Turning the volume down on heavy metals using tuned diatomite. A review of diatomite and modified diatomite for the extraction of heavy metals from water.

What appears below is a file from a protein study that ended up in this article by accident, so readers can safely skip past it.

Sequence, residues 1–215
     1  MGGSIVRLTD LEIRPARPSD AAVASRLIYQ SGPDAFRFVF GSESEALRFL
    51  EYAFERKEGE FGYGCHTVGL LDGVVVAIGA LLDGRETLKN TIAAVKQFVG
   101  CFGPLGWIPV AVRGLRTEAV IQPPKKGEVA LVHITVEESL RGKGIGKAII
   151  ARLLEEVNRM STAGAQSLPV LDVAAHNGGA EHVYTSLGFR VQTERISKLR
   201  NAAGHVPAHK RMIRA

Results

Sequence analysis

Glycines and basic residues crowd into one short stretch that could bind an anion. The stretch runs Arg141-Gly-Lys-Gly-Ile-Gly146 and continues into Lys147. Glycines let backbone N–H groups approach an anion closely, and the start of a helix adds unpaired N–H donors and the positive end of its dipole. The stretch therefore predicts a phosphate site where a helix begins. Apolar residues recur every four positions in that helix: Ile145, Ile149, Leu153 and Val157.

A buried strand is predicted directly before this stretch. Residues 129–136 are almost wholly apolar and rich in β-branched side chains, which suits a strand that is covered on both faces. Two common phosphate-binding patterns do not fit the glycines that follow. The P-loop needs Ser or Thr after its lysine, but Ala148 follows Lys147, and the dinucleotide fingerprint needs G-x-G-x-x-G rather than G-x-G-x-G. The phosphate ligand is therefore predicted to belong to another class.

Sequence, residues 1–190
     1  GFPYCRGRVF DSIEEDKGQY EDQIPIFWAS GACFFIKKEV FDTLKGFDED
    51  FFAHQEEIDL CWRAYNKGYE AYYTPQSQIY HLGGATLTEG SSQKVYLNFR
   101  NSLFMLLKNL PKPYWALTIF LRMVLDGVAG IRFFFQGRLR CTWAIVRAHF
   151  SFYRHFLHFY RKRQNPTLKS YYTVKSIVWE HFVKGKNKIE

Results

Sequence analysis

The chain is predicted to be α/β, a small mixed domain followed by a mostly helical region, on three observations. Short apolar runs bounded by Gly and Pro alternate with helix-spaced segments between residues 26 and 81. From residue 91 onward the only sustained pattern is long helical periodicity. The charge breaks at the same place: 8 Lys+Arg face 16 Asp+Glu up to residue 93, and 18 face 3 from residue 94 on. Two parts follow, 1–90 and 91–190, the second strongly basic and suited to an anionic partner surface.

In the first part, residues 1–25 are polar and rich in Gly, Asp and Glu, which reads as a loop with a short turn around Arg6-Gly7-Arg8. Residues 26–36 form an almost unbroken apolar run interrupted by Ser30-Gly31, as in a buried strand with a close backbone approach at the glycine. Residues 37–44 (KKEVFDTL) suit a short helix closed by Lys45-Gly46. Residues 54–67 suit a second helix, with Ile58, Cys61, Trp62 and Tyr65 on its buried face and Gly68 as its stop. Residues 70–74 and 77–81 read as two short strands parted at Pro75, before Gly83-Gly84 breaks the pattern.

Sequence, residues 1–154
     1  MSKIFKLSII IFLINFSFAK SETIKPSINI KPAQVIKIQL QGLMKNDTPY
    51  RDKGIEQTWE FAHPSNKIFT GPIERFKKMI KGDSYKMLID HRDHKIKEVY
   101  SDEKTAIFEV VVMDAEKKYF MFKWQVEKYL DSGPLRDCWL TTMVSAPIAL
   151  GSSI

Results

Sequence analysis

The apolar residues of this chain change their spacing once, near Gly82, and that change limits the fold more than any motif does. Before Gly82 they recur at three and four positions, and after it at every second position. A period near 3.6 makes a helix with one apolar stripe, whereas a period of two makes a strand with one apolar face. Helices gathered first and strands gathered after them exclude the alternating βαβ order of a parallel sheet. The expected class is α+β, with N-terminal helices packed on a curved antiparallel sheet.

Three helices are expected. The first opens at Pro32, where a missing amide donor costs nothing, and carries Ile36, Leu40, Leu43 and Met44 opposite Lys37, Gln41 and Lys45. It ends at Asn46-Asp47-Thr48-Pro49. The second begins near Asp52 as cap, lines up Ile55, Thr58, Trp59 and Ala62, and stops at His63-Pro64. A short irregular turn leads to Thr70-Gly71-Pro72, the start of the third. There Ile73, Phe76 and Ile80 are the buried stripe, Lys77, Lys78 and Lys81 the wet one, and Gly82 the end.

Materials used in current technological approaches for the removal of mercury lack selectivity. Given that this is one of the main features of supramolecular chemistry, receptors based on calixarene and calixresorcarene containing functional groups able to interact selectively with polluting ions while discriminating against biologically essential ones were designed. Thus two receptors, a partially functionalized calixarene derivative, namely, 5,11,17,23-tetra-tert-butyl [25-27-bis(diethyl thiophosphate amino)dihydroxy] calixarene (1) and a fully functionalized calixresorcarene, 4,6,10,12,16,18,22,24-diethyl thiophosphate calixresorcarene (2) are introduced. Mercury(II) was the identified target due to the environmental and health problems associated with its presence in water Thus following the synthesis and characterization of 1 and 2 in solution ((1)HNMR) and in the solid state (X-ray crystallography) the sequence of experimental events leading to cation complexation studies in acetonitrile and methanol ((1)H NMR, conductance, potentiometric, and calorimetric measurements) with the aim of assessing their behavior as mercury selective receptors are described. The cation selectivity pattern observed in acetonitrile follows the sequence Hg(II) > Cu(II) > Ag(I). In methanol 1 is also selective for Hg(II) relative to Ag(I) but no interaction takes place between this receptor and Cu(II) in this solvent. Based on previous results and experimental facts shown in this paper, it is concluded that the complexation observed with Cu(II) in acetonitrile occurs through the acetonitrile-receptor adduct rather than through the free ligand. Receptor 2 has an enhanced capacity for uptaking Hg(II) but forms metalate complexes with Cu(II). These studies in solution guided the inmobilization of receptor 1 into a silica support to produce a new and recyclable material for the removal of Hg(II) from water. An assessment on its capacity to extract this cation from water relative to Cu(II) and Ag (I) shows that the cation selectivity pattern of the inmobilized receptor is the same as that observed for the free receptor in methanol. These findings demonstrate that fundamental studies play a critical role in the selection of the receptor to be attached to silicates as well as in the reaction medium used for the synthesis of the new decontaminating agent.